Copyright is held by the author.
ONLY A day had passed since school’s end, but it seemed longer. The daily drudgery of homework and humiliation had been regulated to the trash bin of discarded memories, at least for the summer.
I was a tired 11 and shaped like a block of cheese. I lacked wit and humour, but I had courage, temporary as it might be, as I stood, stone in hand, beneath Lucy’s second-storey window, ready for one foolish act, an endeavour that appears reasonable only during the first breaths of summer.
I was not good at sports, so I was not surprised when the stone I tossed at her window missed wide and right, but I was shocked when it continued to rise, first over the neighbour’s house and then above the surrounding hills.
Confused, I watched the stone’s fiery trail ascend high above the clouds. Gaining mass and speed, it escaped Earth’s gravity well, accelerated past the moon, the outer planets and into the Oort cloud.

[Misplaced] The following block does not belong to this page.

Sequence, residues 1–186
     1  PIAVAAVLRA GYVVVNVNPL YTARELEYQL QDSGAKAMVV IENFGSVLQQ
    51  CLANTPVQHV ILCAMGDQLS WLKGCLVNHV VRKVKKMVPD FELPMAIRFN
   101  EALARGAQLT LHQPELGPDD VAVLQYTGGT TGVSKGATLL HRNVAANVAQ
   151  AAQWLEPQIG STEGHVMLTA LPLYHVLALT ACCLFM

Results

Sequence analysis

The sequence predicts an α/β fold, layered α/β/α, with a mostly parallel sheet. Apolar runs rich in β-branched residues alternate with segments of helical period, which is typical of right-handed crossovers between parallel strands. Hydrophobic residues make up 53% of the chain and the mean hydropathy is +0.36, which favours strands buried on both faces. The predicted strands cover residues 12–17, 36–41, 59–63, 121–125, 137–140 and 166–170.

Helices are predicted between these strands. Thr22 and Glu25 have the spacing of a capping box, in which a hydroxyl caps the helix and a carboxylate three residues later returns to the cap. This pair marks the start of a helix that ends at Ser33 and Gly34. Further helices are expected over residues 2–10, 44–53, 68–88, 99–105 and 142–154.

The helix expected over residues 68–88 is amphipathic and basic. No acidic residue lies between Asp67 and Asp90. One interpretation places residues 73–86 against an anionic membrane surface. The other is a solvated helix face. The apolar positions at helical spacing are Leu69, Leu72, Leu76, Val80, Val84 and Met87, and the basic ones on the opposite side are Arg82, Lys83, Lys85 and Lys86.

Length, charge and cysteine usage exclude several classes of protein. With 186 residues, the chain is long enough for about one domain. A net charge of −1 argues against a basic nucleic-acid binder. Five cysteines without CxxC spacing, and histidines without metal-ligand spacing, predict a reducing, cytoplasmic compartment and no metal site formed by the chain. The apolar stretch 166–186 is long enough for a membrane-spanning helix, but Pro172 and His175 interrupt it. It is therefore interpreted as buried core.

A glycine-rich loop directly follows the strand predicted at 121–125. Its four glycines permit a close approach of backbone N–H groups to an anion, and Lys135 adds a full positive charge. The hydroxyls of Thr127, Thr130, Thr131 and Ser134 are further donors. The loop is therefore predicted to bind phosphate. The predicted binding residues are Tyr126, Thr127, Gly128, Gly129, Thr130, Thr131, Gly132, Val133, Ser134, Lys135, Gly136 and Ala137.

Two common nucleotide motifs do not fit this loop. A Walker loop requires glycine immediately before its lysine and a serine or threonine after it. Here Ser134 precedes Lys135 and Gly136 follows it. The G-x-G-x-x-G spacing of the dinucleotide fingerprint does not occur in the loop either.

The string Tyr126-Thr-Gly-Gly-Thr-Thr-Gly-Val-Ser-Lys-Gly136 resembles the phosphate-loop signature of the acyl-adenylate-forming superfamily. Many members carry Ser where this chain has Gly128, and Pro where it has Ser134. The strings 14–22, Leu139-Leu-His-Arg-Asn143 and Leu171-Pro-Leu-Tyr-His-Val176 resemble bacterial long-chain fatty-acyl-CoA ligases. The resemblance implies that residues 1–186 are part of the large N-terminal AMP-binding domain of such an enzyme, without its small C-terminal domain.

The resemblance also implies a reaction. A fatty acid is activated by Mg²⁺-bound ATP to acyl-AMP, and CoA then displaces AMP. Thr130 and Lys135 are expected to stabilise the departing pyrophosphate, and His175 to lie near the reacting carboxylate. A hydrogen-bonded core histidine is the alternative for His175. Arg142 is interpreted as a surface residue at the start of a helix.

How did I know these details?
We all knew Spooky Lucy Marrow was the smartest kid in school, perhaps ever. She aced all tests, and seemed to know things that could not be known. She also chewed on her shirt collar and ate pages from her books. All the kids laughed at her, but I, Fat Andy Bumbry, did not. We were the class rejects, lonely bookends sitting at the opposite ends of the last row in the classroom.
After my errant throw, Lucy peeked through the curtains, smiled, and invited me up to her roof. It was the first time we had ever spoken. There she explained that the stone I had tossed was now a 10-kilometre beast of iron and nickel and would eventually return and render humanity extinct, no more important than the fierce Velociraptor or the lovely Xerces blue butterfly.
I should have felt guilty, but I couldn’t, not with her hand in mine and the power and magic of the summer ahead. Lucy was my first and only girlfriend. I was the chubby kid who first found courage and then found love.
If there was blame to be cast, blame it on summer.